There’s a fine line that divides my feelings for the all-new Elantra, which swing from sheer delight to mild disappointment, depending on how and where I drive it. The day this automatic sedan entered our long-term fleet, it made a fantastic first impression. And it only got better the more I drove it in and around the city. It feels completely at home in the thick of Mumbai traffic and I honestly can’t think of a better executive sedan for city duties.
But on the customary first trip to Mahabaleshwar, which is a nice shakedown for any long-termer, the pendulum kept swinging across that fine line which borders the Elantra’s comfort zone. Drive it briskly without asking too much of it and the Elantra will richly reward you with a smooth and effortless ride, but push it hard on a twisty road or on the highway and it quickly feels out of its depth. Maybe expectations were set too high after the astonishing ease with which the Elantra slipped into heavy traffic. The crackerjack throttle response of the naturally aspirated 2.0-litre petrol motor that’s further sharpened by the equally responsive six-speed auto ’box is what makes the Elantra a rush-hour hero. There’s no lag or delay, and the tiniest flex of the right foot gets the Elantra lunging forward like a scalded cat. It’s this instant and linear power delivery that’s one of the best bits of the car, which apart from making light work of stop-go traffic, gives the driver a fantastic sense of control.
The more I drove the Elantra the more it endeared itself to me with its utter user-friendliness. It’s not just the brilliant engine-gearbox combo, but the well-weighted steering, the progressive brakes and good outside visibility that all add up to make the Elantra easier to drive than even many hatchbacks.
The ride too has a nice soft edge to it, which quietly smoothens out Mumbai’s pockmarked roads. It’s a good thing that Hyundai has resisted the temptation to offer look-enhancing larger alloys with low-pro tyres and has instead stuck to 205/60 R16 rubber. The tall sidewalls provide crucial fortification against potholes, sharp edges and deep ruts.
The Elantra’s cabin too, is a happy place to be in and a cool feature is well, the cooled seats. They work really well and even on the lowest of the three settings, you can feel a waft of chilled air gently caressing your back and thighs. Yes, it sounds a bit decadent, but in peak summer this feature would be a real boon, especially with black leather seats which become as hot as a stove when soaked for hours in the sun.
The infotainment system too, is pretty comprehensive and works quite intuitively. But the icons to select ‘Home’ and ‘Back’ functions are a bit too small and that means taking my eye off the road to aim a finger at them. The LCD display between the dials has quite a few functions too, but it’s the trip computer that I end up playing with the most. I discovered the average fuel consumption meter is pretty accurate and closely matches the pump figures when tanking up. This leads me to the fuel efficiency of the Elantra, which has proved to be surprisingly frugal both in the city and on the highway. A city figure of 8.1kpl is decent by class standards, but it’s the 12.7kpl achieved with foot-to-the floor driving on the highway that impressed me more.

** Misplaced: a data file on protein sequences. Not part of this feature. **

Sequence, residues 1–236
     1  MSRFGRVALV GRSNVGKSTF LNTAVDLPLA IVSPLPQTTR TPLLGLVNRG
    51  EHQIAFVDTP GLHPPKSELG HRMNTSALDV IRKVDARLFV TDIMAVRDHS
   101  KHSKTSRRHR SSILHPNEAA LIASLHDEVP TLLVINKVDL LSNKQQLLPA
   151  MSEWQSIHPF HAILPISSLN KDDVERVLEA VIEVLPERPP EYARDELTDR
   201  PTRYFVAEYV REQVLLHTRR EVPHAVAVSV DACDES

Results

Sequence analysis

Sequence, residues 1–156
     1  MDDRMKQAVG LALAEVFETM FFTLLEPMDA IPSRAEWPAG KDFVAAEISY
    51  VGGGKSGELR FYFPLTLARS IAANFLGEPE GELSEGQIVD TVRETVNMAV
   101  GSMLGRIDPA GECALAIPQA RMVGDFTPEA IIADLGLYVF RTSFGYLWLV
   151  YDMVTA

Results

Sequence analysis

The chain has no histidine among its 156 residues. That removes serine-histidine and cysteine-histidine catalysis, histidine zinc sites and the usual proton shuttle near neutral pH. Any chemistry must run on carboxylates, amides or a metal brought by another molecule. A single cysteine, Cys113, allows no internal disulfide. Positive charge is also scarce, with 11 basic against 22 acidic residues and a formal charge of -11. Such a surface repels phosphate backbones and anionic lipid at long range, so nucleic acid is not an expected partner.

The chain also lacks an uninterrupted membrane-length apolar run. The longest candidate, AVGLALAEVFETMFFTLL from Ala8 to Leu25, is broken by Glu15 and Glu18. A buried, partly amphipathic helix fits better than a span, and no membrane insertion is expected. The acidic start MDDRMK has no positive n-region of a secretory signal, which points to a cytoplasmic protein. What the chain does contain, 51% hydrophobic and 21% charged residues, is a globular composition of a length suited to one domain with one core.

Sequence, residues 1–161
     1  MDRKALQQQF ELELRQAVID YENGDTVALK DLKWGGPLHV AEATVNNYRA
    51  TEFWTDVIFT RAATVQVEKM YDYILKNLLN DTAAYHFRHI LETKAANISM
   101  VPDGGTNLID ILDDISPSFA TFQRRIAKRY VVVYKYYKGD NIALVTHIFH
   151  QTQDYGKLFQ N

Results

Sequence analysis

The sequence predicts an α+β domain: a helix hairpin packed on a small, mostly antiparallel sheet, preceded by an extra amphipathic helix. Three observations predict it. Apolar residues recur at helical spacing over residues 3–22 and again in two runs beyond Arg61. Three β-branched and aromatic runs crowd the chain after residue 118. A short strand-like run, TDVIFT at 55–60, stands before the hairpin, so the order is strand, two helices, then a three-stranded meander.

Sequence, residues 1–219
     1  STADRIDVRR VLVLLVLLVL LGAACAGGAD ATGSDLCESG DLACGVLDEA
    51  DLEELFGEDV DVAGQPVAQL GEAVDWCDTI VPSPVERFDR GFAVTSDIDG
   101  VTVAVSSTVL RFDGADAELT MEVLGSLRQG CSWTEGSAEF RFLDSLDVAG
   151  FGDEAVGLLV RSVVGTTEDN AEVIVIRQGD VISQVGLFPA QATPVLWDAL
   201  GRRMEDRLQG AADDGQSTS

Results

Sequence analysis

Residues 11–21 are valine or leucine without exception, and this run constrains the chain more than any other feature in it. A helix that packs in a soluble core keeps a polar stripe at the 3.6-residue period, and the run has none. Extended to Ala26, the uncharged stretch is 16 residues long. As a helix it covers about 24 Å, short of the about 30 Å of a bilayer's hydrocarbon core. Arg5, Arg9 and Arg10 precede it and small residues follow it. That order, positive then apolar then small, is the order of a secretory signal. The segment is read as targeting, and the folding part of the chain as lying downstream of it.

Worried about long queues at the toll plazas on NH4, I decided to take the less-travelled NH17 route to Mahabaleshwar, which has no tolls at all. It’s a shorter route as well and the last 40km that snakes up the ghats to the hill station from Poladpur is a delectable mix of hairpins, curves and corners you can straight–line. Trouble is that for most of the year, the road surface on the ghat is patchy in parts, which makes it best suited to a high-riding SUV . However, the poor surfaces didn’t seem to faze the Elantra which skipped over the broken tarmac without much protest.
The Elantra’s focus on overall comfort is pretty clear, but it’s blunted the overall dynamics of the car, which doesn’t lend itself to charging up a mountain road. The nose-heavy Elantra understeers quite easily and the soft setup makes transitioning from corner to corner a bit sloppy.
The gearbox, though nice and alert with part throttle inputs and at city speeds, feels a bit recalcitrant when driven with a heavy right foot. Even in Sport mode, the gearbox doesn’t downshift instantly and neither does it hang onto a gear when you want it to. Leaving the gearbox to its own devices had it upshifting in the middle of corners; that’s not something you want it to do when you’re powering through a tight hairpin. I found it best to take control and move the not-too-stubby lever across the gate to Manual mode. That’s when I seriously missed having paddle shifters because tipping the lever back and forth felt so old school.
The steering too, though the best I’ve experienced on a Hyundai, lacks that ultimate precision to allow you to deftly place the car exactly where you want it.
Another weakness that came to the fore was the engine’s rather flat mid-range. So, you really need to rev it hard to get the most out of it.
The Elantra’s taut chassis no doubt gives it impressive body control, but at speeds – even on the mildly uneven sections of NH4 (the return route from Mahabaleshwar) – there’s a fair bit of pitching, especially at the rear.
The drive to Mahabaleshwar illustrated the fact that the Elantra is not a car that is comfortable being driven at VMax and dialing the tempo down a notch or two is the best way to enjoy this executive sedan, which actually feels happiest in urban surroundings.
Hyundai Elantra SX (O) AT
Price Rs 21.85 lakh (on-road, Mumbai)
Economy 7.87kpl (overall)
Maintenance costs None